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Friday, April 26, 2013


Protestant Coalition

From Wikipedia, the free encyclopedia
Protestant Coalition
LeaderJim Dowson
Founded24 April 2013
Headquarters59 The Burn Road
Ballygowan BT23 5RZ
Northern Ireland
Ulster loyalism
Political positionRight-wing
International affiliationNone
European affiliationNone
European Parliament groupNone
ColoursRedWhite and Blue
Northern Ireland Assembly
0 / 108
Local government in Northern Ireland
0 / 582
The Protestant Coalition is a loyalist political party in Northern Ireland. It was registered on 23 April 2013,[1] and launched on 24 April at a hotel in Castlereagh, outside Belfast.[2]




The launch of the Protestant Coalition followed a protracted dispute over the decision byBelfast City Council on 3 December 2012 to cease the practice of flying the Union flagthroughout the year over Belfast City Hall, opting instead to fly it only on up to 20 designated days per year. The council decision had been followed by protests throughout Northern Ireland, some of which became violent.[3] At the time of the launch, both Frazer and Dowson were awaiting trial on charges related to the flag protests.[4]


The party's founders included prominent anti-republican campaigner Willie Frazer; David Nicholl, a former member of the paramilitary-linked Ulster Democratic Party and Ulster Political Research Group, and Jim Dowson, a former fundraiser for the extreme right-wingBritish National Party (BNP).[4] Although Dowson was registered with the Electoral Commission as the Protestant Coalition's leader,[1] he stated at the launch that the Coalition had no one leader.[4] Paul Golding was registered as the Coalition's treasurer.[1]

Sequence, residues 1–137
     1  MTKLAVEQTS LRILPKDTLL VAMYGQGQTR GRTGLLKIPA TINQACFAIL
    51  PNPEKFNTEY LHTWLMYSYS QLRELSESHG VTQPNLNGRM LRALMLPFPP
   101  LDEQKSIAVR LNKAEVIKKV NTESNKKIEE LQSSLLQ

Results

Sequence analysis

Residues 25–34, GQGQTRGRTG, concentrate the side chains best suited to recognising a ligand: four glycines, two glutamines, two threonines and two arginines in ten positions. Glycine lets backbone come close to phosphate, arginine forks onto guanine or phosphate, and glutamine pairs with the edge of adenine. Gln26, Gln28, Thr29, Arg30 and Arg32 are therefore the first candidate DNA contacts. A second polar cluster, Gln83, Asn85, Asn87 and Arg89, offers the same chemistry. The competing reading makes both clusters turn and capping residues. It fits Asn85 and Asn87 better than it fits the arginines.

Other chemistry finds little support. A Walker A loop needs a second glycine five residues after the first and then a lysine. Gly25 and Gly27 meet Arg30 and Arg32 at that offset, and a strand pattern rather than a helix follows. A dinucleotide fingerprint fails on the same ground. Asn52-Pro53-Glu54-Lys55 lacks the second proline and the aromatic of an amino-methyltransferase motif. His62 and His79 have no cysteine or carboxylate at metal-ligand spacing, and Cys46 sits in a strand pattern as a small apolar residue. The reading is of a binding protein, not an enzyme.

Dowson's links with the BNP had ended acrimoniously in October 2010 and he then campaigned against its leader, Nick Griffin, through the "British Resistance" website.[5] In May 2011, Dowson, a Scottish Christian fundamentalist, created a new nationalist movement, Britain First, to protect "British and Christian morality" and campaign against Islam, immigration and abortion. Britain First established a short-lived political party in 2011, the National People's Party.[5]
Golding, who co-founded and chaired Britain First, had been a BNP councillor in Sevenoaks in 2009-11.[6] Golding had also been the BNP's Communications Officer,[7] and editor of the BNP's main magazine.[5] He had flown into Belfast in December 2012 to help co-ordinate the protests over the flags issue.[8]


The policies of the Coalition, which describes itself as "an anti politics, political party", include opposition to "the whole old rotten farce of the DUP/UUP", while it is "happy to cooperate with the likes of the TUVUKIP and PUP for the greater good of the overall situation". It appealed for those elected for other unionist parties to defect to the Coalition.[9] The party states that it "exists to protect and secure Ulster's British heritage and identity and to represent the Protestant, Unionist and Loyalist people", and to oppose "the Sinn Féin/IRA cultural and political 'war' against the British majority in Northern Ireland".[10]
The party claimed at its launch to have over 500 members, and that would remain in existence for three years, during which time it would contest elections to new local government councils. It also said that it would operate a call centre and use other techniques deployed in American political campaigning.[4] The Coalition aimed to "cascade down to other Loyal parties, groups and organisations the skill-sets and technology to allow the PUL community to professionalise and expand our message".[10] Dowson
 said that "if anyone thinks this is a Mickey Mouse 
thing... they are going to be in for a very rude awakening."


  1. a b c Register of political parties at [ Electoral Commission] website
  2. ^
  3. ^ "Violence in Belfast after council votes to change Union flag policy" BBC News 3 December 2012 Retrieved 5 December 2012
  4. a b c d e Connla Young, "Union flag protesters launch new party", Irish News, 25 April 2013
  5. a b c Hope not Hate profile of Britain First
  6. ^ Sophie Madden, "Former BNP Councillor Paul Golding heads Britain First nationalist movement"News Shopper, 8 June 2011
  7. ^ BNP website
  8. ^ Deborah McAleese, [ "Former BNP man and Nick Griffin ex-crony Paul Golding flies to Belfast for loyalist flag protest", Belfast Telegraph, 15 December 2012
  9. ^ Protestant Unionist Loyalist VOICE magazine, Issue 1, Spring 2013
  10. a b "Policies", Protestant Coalition website

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